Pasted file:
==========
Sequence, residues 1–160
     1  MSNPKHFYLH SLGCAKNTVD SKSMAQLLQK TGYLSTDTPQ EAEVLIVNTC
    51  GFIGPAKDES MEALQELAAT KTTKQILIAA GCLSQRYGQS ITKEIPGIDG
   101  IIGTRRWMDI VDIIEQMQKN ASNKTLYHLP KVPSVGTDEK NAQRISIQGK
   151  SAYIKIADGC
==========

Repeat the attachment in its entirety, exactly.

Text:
Sequence, residues 1–160
     1  MSNPKHFYLH SLGCAKNTVD SKSMAQLLQK TGYLSTDTPQ EAEVLIVNTC
    51  GFIGPAKDES MEALQELAAT KTTKQILIAA GCLSQRYGQS ITKEIPGIDG
   101  IIGTRRWMDI VDIIEQMQKN ASNKTLYHLP KVPSVGTDEK NAQRISIQGK
   151  SAYIKIADGC